I know both are a pause but I'm not sure if they refer to the same thing. I've been using a German book on poetry to help with my translation project. I've came across Zäsur which I found to be caesura. But an English book talks about metrical silence without (at least not yet) mentioning caesuras.

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Metrical silence and caesura do not refer to the same thing. They refer, as you note, to the same type of thing: they are types of pause.

A caesura (break or pause), falls outside the meter of the poem. It has no metrical value.

A metrical silence, on the other hand, is part of the meter of the poem, occurring when an unaccented syllable that is part of the metrical scheme is left out.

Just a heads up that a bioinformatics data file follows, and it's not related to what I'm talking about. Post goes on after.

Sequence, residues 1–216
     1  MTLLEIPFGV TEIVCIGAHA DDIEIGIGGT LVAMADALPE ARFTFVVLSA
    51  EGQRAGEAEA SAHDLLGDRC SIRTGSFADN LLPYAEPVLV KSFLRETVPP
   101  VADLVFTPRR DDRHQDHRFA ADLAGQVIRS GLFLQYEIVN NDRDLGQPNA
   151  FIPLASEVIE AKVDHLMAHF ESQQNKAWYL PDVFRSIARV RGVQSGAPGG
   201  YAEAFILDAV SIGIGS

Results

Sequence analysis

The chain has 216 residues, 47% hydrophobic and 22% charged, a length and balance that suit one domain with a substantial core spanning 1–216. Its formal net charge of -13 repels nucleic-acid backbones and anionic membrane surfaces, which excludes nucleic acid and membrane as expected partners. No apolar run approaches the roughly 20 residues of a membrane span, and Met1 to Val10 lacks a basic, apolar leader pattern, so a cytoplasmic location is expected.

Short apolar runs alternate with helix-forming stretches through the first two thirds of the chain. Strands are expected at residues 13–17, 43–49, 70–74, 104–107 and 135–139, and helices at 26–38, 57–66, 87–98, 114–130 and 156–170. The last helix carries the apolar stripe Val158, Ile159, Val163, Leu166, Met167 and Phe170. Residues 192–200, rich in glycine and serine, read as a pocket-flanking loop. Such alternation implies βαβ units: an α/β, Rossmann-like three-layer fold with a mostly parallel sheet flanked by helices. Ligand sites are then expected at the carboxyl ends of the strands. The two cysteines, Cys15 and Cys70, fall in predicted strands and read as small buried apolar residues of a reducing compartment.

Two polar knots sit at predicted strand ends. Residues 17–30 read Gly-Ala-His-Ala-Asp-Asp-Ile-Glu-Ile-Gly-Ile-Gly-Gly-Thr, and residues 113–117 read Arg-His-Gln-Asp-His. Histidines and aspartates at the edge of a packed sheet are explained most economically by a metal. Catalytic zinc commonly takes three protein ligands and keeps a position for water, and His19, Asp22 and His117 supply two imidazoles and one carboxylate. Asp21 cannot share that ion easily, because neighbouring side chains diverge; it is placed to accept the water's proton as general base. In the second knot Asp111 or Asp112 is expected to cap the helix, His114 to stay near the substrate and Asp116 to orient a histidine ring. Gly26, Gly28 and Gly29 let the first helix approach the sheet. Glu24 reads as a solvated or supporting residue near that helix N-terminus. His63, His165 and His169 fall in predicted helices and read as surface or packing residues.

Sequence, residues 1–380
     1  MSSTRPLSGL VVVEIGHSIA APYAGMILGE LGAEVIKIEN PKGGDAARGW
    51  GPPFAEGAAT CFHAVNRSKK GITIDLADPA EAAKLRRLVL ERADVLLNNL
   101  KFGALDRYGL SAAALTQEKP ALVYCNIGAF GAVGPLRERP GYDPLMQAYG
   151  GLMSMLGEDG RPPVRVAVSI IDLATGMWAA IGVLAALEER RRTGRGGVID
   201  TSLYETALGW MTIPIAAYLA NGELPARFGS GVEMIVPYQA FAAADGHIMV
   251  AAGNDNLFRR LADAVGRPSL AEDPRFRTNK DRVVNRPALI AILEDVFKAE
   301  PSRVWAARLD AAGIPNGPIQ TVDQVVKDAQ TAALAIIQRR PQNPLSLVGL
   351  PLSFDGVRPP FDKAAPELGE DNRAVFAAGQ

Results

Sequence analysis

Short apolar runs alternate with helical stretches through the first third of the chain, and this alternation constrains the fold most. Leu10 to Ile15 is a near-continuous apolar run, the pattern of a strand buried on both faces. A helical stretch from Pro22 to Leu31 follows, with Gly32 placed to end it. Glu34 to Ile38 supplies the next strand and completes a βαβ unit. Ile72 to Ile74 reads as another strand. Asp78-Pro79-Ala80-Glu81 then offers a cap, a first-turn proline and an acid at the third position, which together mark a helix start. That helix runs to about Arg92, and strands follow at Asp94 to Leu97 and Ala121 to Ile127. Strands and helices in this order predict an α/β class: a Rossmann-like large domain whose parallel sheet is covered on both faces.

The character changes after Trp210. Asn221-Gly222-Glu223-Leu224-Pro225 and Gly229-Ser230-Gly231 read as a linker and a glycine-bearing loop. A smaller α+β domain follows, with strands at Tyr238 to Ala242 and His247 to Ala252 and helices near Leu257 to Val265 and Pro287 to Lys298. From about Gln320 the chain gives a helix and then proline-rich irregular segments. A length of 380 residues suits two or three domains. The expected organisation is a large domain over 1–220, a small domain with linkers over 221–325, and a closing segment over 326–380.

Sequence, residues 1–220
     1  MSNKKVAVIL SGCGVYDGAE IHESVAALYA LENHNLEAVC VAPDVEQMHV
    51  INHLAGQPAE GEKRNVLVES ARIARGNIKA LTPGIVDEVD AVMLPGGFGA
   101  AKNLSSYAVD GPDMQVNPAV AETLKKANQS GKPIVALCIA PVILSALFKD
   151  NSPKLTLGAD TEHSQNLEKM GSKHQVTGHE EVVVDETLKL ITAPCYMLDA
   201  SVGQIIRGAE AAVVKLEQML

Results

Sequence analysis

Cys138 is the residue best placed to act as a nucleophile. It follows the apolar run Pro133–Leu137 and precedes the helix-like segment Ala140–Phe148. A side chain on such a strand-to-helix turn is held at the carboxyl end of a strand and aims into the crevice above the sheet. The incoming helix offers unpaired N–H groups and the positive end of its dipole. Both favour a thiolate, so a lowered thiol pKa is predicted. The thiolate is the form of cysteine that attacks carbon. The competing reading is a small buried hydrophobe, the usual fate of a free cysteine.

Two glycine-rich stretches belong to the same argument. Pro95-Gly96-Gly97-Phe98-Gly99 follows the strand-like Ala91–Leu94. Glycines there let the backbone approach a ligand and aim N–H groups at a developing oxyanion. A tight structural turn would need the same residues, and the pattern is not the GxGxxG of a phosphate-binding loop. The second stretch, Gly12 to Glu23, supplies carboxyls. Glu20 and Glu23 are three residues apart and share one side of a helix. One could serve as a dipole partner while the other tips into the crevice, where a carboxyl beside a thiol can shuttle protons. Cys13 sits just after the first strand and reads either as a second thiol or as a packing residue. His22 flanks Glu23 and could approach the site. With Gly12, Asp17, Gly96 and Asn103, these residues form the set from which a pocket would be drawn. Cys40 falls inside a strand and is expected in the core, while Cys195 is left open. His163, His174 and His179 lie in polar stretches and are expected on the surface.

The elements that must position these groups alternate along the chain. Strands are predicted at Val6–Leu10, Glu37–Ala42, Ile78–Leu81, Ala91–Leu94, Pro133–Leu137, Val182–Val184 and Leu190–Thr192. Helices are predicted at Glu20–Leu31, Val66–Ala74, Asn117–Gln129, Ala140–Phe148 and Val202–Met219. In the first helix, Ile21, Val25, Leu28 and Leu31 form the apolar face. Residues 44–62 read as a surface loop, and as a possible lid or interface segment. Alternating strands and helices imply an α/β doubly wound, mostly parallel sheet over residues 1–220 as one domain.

Caesura (cesura). A rhetorical and extra-metrical pause or phrasal break within the poetic line.

(from Princeton Encyclopedia of Poetry and Poetics: Enlarged Edition, 1974; italics mine)

metrical silence – a pause, like that in music, created when an unaccented syllable needed to complete the foot is omitted.

(from POEMED)

For examples of the controversial nature of metrical silence due to scansion variability, see A Note on the Scansion of Keats’s “La Bella Dame Sans Merci”, by Alexander Tung.


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